Here is an explanation of the feast, from the Catholic Encyclopedia:
"The object of this feast is to commemorate the dignity of the Mary as Mother of God. Mary is truly the Mother of Christ, who in one person unites the human and divine nature. This title was solemnly ratified by the Council of Ephesus, 22 June, 431. The hymns used in the office of the feast also allude to Mary's dignity as the spiritual mother of men. The love of Mary for all mankind was that of a mother, for she shared all the feelings of her son whose love for men led Him to die for our redemption (Hunter, Dogm.Theo. 2, 578). The feast was first granted, on the petition of King Joseph Manuel, to the dioceses of Portugal and to Brasil and Algeria, 22 January, 1751, together with the feast of the Purity of Mary, and was assigned to the first Sunday in May, dupl. maj. In the following year both feasts were extended to the province of Venice, 1778 to the kingdom of Naples, and 1807 to Tuscany."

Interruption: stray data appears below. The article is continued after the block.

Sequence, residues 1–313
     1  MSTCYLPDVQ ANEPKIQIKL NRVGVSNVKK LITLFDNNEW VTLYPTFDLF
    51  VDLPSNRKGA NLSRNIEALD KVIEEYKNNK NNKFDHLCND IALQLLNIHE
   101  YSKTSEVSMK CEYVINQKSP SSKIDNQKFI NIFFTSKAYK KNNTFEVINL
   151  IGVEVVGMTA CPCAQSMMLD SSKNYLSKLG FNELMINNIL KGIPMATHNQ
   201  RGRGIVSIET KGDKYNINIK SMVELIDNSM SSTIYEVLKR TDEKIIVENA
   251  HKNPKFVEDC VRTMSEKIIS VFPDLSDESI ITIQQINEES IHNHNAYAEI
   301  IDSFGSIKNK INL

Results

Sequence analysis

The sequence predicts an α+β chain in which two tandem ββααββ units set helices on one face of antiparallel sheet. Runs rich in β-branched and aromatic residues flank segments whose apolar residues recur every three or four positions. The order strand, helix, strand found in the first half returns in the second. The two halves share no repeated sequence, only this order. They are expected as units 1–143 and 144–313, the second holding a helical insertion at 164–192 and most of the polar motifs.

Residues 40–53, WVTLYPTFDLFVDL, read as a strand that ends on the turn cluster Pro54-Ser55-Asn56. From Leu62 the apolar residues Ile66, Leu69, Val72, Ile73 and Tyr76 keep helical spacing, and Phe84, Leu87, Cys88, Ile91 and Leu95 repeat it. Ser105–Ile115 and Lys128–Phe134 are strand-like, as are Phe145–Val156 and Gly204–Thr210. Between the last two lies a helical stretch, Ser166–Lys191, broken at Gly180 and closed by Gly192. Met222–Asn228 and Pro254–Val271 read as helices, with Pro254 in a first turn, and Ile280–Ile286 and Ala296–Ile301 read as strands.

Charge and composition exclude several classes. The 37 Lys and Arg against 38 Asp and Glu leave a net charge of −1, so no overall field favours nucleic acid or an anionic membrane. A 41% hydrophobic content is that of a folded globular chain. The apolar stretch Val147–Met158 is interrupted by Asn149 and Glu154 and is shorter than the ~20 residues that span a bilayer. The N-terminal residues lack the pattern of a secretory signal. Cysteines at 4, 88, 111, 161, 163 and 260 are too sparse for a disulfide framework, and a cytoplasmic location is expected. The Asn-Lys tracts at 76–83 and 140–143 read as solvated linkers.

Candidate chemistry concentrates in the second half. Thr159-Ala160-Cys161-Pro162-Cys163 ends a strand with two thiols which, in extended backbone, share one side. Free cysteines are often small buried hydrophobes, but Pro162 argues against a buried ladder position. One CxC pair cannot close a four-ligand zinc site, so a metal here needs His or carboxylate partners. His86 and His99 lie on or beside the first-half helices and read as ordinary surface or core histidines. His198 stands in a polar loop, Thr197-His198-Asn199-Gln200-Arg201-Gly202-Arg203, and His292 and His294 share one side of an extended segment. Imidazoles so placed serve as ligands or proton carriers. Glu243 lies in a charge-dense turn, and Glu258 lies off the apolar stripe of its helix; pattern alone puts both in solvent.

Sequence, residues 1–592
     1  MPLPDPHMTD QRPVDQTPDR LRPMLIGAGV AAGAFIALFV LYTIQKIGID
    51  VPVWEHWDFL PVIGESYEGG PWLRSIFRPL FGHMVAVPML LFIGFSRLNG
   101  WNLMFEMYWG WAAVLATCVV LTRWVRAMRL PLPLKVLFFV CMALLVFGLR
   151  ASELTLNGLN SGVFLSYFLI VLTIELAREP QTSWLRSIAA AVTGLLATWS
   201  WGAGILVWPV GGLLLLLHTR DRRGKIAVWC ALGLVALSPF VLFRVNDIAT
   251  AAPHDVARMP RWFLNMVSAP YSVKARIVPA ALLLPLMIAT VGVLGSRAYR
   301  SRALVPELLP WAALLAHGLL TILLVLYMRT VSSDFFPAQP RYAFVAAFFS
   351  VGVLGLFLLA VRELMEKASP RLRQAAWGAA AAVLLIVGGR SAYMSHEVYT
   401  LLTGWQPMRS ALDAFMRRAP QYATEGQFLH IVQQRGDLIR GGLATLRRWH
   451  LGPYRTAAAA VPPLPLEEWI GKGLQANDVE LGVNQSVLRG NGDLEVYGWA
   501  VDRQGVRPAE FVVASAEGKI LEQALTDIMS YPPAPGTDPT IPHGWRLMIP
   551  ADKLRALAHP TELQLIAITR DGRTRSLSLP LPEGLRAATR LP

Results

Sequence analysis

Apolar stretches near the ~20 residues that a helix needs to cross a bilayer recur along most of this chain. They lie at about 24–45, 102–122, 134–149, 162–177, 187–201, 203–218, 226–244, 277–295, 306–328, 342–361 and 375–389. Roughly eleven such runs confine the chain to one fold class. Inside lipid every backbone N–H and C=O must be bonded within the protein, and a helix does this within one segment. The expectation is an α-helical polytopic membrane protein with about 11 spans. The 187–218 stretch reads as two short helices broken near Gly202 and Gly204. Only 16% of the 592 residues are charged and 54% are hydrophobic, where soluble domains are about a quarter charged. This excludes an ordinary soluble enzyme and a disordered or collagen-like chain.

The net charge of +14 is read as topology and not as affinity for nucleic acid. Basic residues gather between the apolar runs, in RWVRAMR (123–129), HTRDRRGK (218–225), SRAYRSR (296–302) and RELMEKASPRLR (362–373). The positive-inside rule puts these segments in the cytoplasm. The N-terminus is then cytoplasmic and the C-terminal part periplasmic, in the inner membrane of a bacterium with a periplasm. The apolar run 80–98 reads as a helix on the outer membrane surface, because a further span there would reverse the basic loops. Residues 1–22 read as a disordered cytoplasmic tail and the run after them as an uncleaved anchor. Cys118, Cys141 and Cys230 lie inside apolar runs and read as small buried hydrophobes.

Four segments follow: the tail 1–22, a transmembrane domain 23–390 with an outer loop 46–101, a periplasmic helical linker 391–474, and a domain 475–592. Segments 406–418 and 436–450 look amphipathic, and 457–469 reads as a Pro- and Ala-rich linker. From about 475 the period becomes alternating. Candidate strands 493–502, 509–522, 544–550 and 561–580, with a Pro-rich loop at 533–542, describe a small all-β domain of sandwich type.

The feast was made universal in 1931, in honour of the fifteenth centenary of the Council of Ephesus. It was shifted to January 1 in the new calendar, allegedly for ecumenical reasons (though it is not particularly obvious what these are).
In any case, for a nice meditation on what it would have been like for Our Lady to be pregnant with Our Lord, have a read of this post over at New Theological Movement (from whence cometh the icon).